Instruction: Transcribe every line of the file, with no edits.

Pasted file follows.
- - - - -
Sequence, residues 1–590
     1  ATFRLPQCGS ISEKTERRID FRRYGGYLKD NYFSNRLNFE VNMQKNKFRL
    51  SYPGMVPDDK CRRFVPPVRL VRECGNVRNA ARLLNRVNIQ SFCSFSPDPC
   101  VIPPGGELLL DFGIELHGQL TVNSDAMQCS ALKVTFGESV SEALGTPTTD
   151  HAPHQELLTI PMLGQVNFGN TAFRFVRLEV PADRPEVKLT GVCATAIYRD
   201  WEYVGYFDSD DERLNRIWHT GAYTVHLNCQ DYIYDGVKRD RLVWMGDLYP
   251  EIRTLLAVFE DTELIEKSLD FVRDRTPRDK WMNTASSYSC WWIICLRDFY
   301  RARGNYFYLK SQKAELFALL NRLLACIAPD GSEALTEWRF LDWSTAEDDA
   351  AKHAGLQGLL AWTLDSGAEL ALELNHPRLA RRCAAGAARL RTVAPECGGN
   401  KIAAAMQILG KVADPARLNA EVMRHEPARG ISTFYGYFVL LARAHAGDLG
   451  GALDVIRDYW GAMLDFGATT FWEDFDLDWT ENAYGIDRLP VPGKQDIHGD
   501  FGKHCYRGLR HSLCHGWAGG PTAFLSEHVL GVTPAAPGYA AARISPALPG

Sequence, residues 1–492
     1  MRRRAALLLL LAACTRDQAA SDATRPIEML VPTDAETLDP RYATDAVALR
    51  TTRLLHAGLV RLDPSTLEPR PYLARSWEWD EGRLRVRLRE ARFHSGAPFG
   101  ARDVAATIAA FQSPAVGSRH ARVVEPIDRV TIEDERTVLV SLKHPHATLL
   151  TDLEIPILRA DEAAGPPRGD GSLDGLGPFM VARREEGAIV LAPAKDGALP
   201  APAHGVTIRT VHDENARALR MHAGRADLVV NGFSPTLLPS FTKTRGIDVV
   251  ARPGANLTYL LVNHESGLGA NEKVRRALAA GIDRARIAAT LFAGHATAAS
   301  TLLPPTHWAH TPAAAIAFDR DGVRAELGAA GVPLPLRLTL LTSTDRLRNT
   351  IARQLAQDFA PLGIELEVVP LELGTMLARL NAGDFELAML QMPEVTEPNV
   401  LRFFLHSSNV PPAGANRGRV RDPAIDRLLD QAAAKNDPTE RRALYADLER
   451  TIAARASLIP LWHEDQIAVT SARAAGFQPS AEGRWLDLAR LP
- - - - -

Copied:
Sequence, residues 1–590
     1  ATFRLPQCGS ISEKTERRID FRRYGGYLKD NYFSNRLNFE VNMQKNKFRL
    51  SYPGMVPDDK CRRFVPPVRL VRECGNVRNA ARLLNRVNIQ SFCSFSPDPC
   101  VIPPGGELLL DFGIELHGQL TVNSDAMQCS ALKVTFGESV SEALGTPTTD
   151  HAPHQELLTI PMLGQVNFGN TAFRFVRLEV PADRPEVKLT GVCATAIYRD
   201  WEYVGYFDSD DERLNRIWHT GAYTVHLNCQ DYIYDGVKRD RLVWMGDLYP
   251  EIRTLLAVFE DTELIEKSLD FVRDRTPRDK WMNTASSYSC WWIICLRDFY
   301  RARGNYFYLK SQKAELFALL NRLLACIAPD GSEALTEWRF LDWSTAEDDA
   351  AKHAGLQGLL AWTLDSGAEL ALELNHPRLA RRCAAGAARL RTVAPECGGN
   401  KIAAAMQILG KVADPARLNA EVMRHEPARG ISTFYGYFVL LARAHAGDLG
   451  GALDVIRDYW GAMLDFGATT FWEDFDLDWT ENAYGIDRLP VPGKQDIHGD
   501  FGKHCYRGLR HSLCHGWAGG PTAFLSEHVL GVTPAAPGYA AARISPALPG

Sequence, residues 1–492
     1  MRRRAALLLL LAACTRDQAA SDATRPIEML VPTDAETLDP RYATDAVALR
    51  TTRLLHAGLV RLDPSTLEPR PYLARSWEWD EGRLRVRLRE ARFHSGAPFG
   101  ARDVAATIAA FQSPAVGSRH ARVVEPIDRV TIEDERTVLV SLKHPHATLL
   151  TDLEIPILRA DEAAGPPRGD GSLDGLGPFM VARREEGAIV LAPAKDGALP
   201  APAHGVTIRT VHDENARALR MHAGRADLVV NGFSPTLLPS FTKTRGIDVV
   251  ARPGANLTYL LVNHESGLGA NEKVRRALAA GIDRARIAAT LFAGHATAAS
   301  TLLPPTHWAH TPAAAIAFDR DGVRAELGAA GVPLPLRLTL LTSTDRLRNT
   351  IARQLAQDFA PLGIELEVVP LELGTMLARL NAGDFELAML QMPEVTEPNV
   401  LRFFLHSSNV PPAGANRGRV RDPAIDRLLD QAAAKNDPTE RRALYADLER
   451  TIAARASLIP LWHEDQIAVT SARAAGFQPS AEGRWLDLAR LP